Varietal Classics: Australian Shiraz
Consistent only in its inconsistency, this year’s Aussie Shiraz category was all about the lower price points

Ten years ago this would have been the kind of eagerly awaited flight that set the pace for the rest of the world to follow in terms of value for money and general over-delivery. Well, no more. There were some very glum faces after this flight.

Of course, the steroid-pumped strength of the Aussie dollar has made life more difficult for both producers and sommeliers, but such Forex intricacies are less of an issue further up the price scale and, oddly, it was the upper end of this category that left our tasters most deflated.

‘Every Aussie winemaker likes to blame the exchange rate, but you can’t hide behind that at £12 ex-VAT,’ said Caspar Auchterlonie.

At the higher prices, wineries seemed to be trying just a bit too hard: endeavouring to cram more into the bottle than the wine could tolerate. Over-extraction (particularly) and reduction were common. Certainly, our sommeliers objected to the hand of man being quite so visible in what they were tasting.

‘The wines feel like they have been stretched or pulled in a certain direction,’ said Senthil Kulandhaisamy eloquently. ‘They are just not balanced.’

No surprise, then, that the cheaper, simpler wines were the ones that met with our tasters’ approval. Both the Mr Smith from McLaren Vale and the Tahbilk from Victoria showed a depth, quality and exchange rate-defying value for money that proved beyond so many of their peers. Big shout-out to the Boutinot wine, by the way, which also made Gold last year with the 2008 vintage.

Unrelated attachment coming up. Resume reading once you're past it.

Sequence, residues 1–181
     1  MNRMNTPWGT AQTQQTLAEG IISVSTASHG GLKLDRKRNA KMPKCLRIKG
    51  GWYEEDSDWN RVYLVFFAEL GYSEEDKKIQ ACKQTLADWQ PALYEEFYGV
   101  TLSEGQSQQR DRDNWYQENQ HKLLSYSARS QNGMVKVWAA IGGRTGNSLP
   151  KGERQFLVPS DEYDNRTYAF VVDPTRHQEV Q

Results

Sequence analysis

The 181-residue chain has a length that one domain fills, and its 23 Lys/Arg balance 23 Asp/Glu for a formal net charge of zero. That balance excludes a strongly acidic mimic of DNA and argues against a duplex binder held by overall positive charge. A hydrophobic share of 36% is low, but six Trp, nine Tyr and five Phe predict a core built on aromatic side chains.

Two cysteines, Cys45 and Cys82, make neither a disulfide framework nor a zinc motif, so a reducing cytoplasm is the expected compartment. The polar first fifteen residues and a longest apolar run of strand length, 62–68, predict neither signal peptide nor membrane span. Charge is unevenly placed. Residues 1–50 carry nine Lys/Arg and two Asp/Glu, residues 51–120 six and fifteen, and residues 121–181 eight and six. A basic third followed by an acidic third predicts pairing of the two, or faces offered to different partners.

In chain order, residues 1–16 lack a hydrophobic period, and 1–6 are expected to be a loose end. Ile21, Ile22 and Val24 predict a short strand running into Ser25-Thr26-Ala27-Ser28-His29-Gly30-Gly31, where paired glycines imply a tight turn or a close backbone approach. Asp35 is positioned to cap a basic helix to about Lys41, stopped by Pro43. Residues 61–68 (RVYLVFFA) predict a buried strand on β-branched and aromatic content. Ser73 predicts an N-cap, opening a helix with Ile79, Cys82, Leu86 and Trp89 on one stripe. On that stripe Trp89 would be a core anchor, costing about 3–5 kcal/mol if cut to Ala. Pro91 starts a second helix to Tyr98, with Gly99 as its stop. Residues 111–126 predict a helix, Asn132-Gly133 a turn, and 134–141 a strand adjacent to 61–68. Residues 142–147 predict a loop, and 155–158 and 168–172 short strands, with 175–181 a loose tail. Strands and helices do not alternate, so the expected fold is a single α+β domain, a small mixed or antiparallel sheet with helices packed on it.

“Australian Shiraz can be jammy, rich, spicy and still enjoyable. Too many of these were technically horrible – just not nice wines. ” Joris Beijn, Andaz


Mr Smith Shiraz 2009, McLaren Vale, Australia
£6.59 @ Boutinot
SWA 2011 Gold List Smoky, toasted oak on a plummy nose is followed by spicy, black and red fruits. Well balanced, this has good tannins and warming alcohol. ‘But not OTT,’ said Mark Deamer. ‘An awful lot of wine for the money.’ ‘Rich and savoury sweet,’ added Martin Lam.


Four Sisters Shiraz 2009, Central Victoria, Australia
£5.75 @ Ehrmanns
The nose of mocha, raisin and cherry transfers onto a medium- to full-bodied palate, with hints of liquorice thrown in. ‘Quite simple but straight Syrah with a twist of spice,’ said Maria Rodriguez.

Editorial feature from Imbibe Magazine – May/June 2011

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